Highways and Byways of Hymns
A Tale of Two Ditties
"Your love, O Lord, reaches to the heavens" - so sings Psalm 36 v.5. Notice the three four-letter words.
The day this column was born, Marjorie (my wife) came home from a Suffolk funeral. We mulled over the journey, the family, the friends, the service ("a burial is so much better than all that velvet curtain stuff') ... and of course the hymns. "I never thought" she said "that I would sing Shine, Jesus, shine at a funeral".
But she did; here it is on the service sheet, together with To God be the glory. They chose it because our dear Janet had herself shone with the love of Jesus. The number one Christian hit of the 1990s, known by its chorus, actually starts Lord. the light of your love is shining. It sustains the "light" imagery throughout.
And curiously, those opening words remind me of a text written twenty years earlier by someone old enough to be Graham Kendrick's father. Lord, for the years your love has kept and guided was penned by Timothy Dudley-Smith in 1967 while he was at the Church Pastoral-Aid Society, before moving to Norfolk as Archdeacon and then Bishop.
Tell me, if you like, that we can't compare the two items. In some ways they make chalk and cheese look like identical twins. The first mainstream book to include both was "Baptist Praise and Worship"; the most recent, "BBC Songs of Praise". But can you spot the likeness?
"Lord... your love"; each text has the same first, fifth and sixth words. Both recognise the vital word of the Lord, setting our innermost being ablaze. Both are deeply concerned for this our land; both, too, for our world and its nations. By a single allusion, both touch the source of our hope, in the cross and the blood of the Lord Jesus Christ.
Such coincidences do not look like borrowings, though the Kendrick phrases sometimes do. This time both writers draw their vivid visual imagery from Scripture; both could be richly sprinkled with Bible references. Both employ the skill of repetition, and have been launched on their way with new music. Both tunes have been roundly condemned by some, and heartily sung by a great many more.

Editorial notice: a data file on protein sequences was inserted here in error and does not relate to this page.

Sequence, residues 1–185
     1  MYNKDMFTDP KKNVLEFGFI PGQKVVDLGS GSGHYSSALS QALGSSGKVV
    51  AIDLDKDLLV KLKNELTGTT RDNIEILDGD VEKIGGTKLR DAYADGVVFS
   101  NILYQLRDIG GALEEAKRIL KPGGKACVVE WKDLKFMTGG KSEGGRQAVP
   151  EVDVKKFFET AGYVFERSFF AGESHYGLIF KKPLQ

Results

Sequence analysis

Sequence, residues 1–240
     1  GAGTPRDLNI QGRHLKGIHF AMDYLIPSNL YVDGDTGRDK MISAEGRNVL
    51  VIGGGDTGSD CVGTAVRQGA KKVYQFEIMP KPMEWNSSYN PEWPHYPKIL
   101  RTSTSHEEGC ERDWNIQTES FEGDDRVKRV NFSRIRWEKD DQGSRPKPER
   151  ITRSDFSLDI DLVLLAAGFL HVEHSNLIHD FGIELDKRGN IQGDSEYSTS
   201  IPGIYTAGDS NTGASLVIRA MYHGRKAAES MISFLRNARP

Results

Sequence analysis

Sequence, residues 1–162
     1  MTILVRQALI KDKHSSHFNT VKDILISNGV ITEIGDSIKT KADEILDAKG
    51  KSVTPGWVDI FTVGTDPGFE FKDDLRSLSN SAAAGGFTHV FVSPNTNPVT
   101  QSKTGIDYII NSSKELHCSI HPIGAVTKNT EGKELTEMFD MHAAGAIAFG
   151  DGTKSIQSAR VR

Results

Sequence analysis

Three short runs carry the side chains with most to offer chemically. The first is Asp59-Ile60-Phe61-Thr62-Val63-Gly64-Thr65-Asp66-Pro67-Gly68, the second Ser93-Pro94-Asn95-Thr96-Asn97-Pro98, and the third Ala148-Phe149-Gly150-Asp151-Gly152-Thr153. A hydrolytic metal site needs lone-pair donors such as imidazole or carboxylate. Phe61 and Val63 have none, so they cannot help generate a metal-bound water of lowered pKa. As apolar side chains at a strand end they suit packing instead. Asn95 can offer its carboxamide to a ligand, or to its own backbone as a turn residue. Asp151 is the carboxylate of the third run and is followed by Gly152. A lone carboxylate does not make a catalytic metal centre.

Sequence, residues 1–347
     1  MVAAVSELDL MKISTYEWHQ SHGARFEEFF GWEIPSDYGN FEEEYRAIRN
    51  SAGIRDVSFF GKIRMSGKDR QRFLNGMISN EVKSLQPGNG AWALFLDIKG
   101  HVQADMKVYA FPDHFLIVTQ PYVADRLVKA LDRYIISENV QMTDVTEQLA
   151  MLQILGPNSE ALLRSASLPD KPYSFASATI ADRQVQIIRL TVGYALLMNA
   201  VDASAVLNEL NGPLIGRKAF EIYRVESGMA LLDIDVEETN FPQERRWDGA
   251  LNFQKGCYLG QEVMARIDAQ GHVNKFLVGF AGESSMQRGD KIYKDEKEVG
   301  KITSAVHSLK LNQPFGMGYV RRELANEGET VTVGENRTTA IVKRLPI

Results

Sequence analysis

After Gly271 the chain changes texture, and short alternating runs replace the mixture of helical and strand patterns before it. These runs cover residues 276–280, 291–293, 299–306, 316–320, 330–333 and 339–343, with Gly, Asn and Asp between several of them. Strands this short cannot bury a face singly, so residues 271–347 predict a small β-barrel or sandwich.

What about the contrasts? Lord for the years clearly prays to God the Father; Christ is in the third person. Shine, Jesus shine obviously invokes God the Son, and has the full Trinitarian breadth. Timothy's language is we/us, while Graham combines that with I/me. Although both use a clutch of energetic verbs with God as subject, for once the earlier text is more explicit about our needs.
Technically, the 1960s hymn bears the marks of a craftsman in rhythm and metre, every line paired in precise rhyming. The song from the 1980s has one true rhyme (glory/story) among half-rhymes, assonances and rhymeless endings which look not so much liberated as careless. And I have now declared my own hand by calling one a Hymn and the other a Song.
So what's the difference? Shine, Jesus shine comes close to some definitions of a hymn; its three stanzas are not merely repetitive. They have a regular pattern of lines and even a regular syllable count. It still looks on the page (sorry, screen) and sounds to the ear, like a song. The other one doesn't, and fits the best definition I know. A hymn is that part of the service which is never followed by a hymn.
How far into the next Millennium will either of them last? Pass. Meanwhile, have you chosen your funeral hymns? So long as they are singable, a written preference, occasionally updated, will probably help your next-of-kin. And talking of lasting, Psalm 36 doesn't have the final word. No.108 has "O Lord... great is your love, higher than the heavens!" And as deep as every human condition.
Christopher Idle is Associate Minister of Christ Church, Old Kent Road, in the diocese of Southwark.
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